One of the biggest crowds in British boxing history will congregate tonight at Elland Road, as IBF featherweight champion Lee Selby defends his title against Leeds’ own Josh Warrington. While the audience in Yorkshire will be vast, the fight has fallen under the radar of general sports fans, as a busy day of cup finals and weddings battles for attention in the public consciousness.

It’s a shame, as this is a very intriguing bout between a world champion who has waited his entire career for a fight of this magnitude, and a hugely popular challenger who will by the most popular man in the stadium by some distance. Featherweight is hardly a glamour division, but this is a domestic dust-up that has been years in the making and should be one to remember.

At 31. Welsh star Selby is approaching the prime of his career, and has been IBF champion since May 2015. While his style is not always fan-friendly, he is one of the most difficult fighters in the world, with a unique style that allows him to control fights from the outset.

Selby rarely looks troubled or harassed while boxing, which has led to criticisms of a languid nature, but the reality is, he’s just a very good all-round fighter with a skillset that often looks impenetrable. Since his first – and only – loss in his fifth fight back in 2009, Selby has dispatched good domestic opponents including Stephen Smith and Ryan Walsh, plus world level contenders too.

Inactivity has been an issue for the champion however, with just five fights since October 2015. The calibre of his opposition has been questionable too, with many of the most highly rated featherweights choosing different options. Warrington has answered the challenge however, and the 26-0 undefeated former Commonwealth champion is confident of his chances.

“This will be a fairytale ending, slash the start of a new chapter,” he told BBC Sport.

“When I was working as a dental technician and they announced Leeds would have an arena I used to picture myself fighting there.

“A few years later I was headlining it. Anytime I’ve gone to Elland Road people have said ‘imagine fighting here,’ for a split second I have pictured it and I kind of feel like I have been there already.”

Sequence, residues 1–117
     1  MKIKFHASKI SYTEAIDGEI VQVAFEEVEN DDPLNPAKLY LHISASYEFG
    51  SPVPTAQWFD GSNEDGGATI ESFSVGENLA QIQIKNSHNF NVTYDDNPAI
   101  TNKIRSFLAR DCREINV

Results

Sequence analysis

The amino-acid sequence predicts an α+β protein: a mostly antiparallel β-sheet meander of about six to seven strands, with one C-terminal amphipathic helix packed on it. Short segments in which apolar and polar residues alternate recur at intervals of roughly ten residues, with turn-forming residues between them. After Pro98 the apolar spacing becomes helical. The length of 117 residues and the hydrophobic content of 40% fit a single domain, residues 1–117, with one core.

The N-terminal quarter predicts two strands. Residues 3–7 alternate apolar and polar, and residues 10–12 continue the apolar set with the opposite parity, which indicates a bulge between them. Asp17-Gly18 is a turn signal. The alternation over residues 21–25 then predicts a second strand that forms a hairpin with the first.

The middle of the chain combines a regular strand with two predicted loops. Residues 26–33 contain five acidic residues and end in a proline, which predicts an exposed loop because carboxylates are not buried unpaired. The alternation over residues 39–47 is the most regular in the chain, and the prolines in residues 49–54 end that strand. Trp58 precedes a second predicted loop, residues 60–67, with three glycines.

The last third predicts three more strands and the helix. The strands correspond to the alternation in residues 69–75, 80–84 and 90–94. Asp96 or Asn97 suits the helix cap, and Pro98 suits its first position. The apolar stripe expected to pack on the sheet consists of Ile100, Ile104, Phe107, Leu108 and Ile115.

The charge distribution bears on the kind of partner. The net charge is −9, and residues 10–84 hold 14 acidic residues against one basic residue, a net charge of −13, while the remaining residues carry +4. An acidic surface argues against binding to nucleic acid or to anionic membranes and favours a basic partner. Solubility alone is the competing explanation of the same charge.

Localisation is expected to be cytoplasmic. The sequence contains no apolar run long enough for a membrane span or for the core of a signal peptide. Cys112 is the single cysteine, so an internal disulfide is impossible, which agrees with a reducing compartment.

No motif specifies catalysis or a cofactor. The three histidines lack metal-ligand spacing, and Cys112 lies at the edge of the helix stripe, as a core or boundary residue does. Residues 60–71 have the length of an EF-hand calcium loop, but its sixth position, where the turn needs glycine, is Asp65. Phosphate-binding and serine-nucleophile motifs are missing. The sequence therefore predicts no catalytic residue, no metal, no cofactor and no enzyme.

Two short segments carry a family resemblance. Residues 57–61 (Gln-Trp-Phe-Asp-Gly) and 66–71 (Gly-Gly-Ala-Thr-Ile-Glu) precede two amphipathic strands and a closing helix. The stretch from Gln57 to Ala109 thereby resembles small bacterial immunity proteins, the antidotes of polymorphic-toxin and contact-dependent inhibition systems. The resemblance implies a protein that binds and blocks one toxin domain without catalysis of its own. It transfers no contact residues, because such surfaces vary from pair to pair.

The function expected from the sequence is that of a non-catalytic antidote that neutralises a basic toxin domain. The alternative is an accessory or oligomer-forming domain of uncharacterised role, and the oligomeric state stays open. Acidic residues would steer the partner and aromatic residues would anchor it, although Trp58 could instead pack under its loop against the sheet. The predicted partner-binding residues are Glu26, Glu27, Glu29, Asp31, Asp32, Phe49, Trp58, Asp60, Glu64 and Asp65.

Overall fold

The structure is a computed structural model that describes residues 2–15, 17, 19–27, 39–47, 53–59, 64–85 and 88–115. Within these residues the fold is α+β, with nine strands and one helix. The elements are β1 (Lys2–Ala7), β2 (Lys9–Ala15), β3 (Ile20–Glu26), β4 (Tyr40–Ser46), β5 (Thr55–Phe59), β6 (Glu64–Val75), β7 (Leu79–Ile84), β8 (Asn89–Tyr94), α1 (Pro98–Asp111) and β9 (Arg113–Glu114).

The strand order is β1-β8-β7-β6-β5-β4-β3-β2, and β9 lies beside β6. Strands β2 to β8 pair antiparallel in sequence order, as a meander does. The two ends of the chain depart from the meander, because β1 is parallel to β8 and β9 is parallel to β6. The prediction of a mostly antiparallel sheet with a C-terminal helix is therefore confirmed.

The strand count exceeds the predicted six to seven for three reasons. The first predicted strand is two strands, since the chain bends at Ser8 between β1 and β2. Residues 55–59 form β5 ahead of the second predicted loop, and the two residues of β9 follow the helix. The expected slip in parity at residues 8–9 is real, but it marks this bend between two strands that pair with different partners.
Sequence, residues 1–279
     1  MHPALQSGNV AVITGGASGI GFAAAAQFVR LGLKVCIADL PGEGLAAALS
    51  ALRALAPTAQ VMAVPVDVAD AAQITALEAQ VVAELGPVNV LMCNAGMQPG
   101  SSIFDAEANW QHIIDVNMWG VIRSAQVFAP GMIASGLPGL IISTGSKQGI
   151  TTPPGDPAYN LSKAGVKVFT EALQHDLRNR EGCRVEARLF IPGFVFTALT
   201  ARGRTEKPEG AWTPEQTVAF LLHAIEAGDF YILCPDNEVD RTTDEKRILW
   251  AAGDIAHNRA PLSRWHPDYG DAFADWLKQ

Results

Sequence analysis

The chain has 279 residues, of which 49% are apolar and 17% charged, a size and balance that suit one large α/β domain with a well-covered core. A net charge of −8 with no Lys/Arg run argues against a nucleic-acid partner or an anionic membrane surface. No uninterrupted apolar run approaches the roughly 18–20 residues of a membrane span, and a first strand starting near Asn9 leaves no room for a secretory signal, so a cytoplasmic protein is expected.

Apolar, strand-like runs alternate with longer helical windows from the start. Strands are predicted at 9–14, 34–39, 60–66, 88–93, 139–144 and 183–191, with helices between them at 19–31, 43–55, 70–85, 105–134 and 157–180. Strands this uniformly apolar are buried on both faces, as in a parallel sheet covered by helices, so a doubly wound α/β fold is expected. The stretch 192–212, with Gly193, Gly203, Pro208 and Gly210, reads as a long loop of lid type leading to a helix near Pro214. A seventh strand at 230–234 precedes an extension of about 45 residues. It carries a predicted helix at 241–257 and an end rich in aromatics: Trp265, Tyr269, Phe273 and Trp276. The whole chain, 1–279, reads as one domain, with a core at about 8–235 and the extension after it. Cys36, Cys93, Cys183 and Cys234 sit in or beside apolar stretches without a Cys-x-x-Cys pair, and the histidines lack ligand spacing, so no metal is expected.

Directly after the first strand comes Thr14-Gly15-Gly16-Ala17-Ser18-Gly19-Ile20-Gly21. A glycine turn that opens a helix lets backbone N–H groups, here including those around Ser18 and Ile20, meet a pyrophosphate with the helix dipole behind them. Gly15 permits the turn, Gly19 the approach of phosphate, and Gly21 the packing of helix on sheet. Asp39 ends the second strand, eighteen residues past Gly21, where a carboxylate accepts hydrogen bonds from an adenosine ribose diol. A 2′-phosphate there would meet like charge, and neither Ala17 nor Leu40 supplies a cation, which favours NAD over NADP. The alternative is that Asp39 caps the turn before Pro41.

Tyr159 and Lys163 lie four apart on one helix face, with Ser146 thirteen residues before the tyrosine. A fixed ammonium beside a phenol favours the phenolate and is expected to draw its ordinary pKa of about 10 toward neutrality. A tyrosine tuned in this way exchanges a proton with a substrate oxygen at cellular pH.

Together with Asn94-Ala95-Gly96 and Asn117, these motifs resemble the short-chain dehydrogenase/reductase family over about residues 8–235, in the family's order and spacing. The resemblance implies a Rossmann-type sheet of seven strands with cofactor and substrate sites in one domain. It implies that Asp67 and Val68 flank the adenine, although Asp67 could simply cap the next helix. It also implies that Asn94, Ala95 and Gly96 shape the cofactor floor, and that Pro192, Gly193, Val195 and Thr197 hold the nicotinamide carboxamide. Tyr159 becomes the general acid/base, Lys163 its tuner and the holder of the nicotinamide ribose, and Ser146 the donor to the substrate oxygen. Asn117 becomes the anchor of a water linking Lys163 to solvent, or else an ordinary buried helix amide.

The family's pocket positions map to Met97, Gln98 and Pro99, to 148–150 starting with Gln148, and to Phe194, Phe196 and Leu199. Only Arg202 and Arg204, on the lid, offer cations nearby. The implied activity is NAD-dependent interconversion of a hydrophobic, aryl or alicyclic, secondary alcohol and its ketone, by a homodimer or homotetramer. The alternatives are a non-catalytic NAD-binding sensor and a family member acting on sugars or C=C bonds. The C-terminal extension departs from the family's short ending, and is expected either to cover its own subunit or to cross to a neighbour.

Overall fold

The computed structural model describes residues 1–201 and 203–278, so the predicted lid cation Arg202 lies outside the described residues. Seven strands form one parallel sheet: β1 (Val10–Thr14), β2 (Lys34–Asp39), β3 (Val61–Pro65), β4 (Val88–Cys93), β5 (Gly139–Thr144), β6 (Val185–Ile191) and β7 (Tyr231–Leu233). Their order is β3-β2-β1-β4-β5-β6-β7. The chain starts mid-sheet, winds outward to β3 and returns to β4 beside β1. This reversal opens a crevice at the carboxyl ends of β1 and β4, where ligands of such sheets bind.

Warrington’s confidence comes as a result of a flawless professional career, which started slowly, but became spectacular in November 2013 when he became the first man to defeat Samir Mouneimne, who is the only man to ever beat Lee Selby. Warrington followed up that success with sizeable wins over Joel Brunker and Kiko Martinez, and most recently outclassed Dennis Ceylan last October.

The build-up has been fraught with tension, as both fighters genuinely believe they are the better fighter. Talk has erupted over social media and at press conferences, and words will become punches tonight in front of over 20,000 fans.

There are many ways the result can go but expecting a firefight may be the most unrealistic option. Selby has only stopped two of his last eight opponents, while Warrington has just six stoppage wins. Both have underrated power, but in a fight of this magnitude, tactics will be more important than hard shots.

That’s because it’s not just a world title at stake in this fight, but a future mega fight with Carl Frampton, who is completely sure that he would beat the winner. The money that fight will generate would be life changing for either Selby or Warrington, which raises the stakes of tonight considerably.

Selby has the physical advantages being the taller man with the longer reach, but Warrington has a dogged and awkward style which verges on the sublime at time. He’s not spectacular at one specific skill, but instead is annoyingly good at the fundamentals which can make life difficult for anybody.

Whether you believe that Warrington and the Leeds fans will be marching on together, or that Selby will successfully defend his title for the sixth time, concentrating on this has to be better than some of the other embarrassing pastimes that are being defined as entertainment today.

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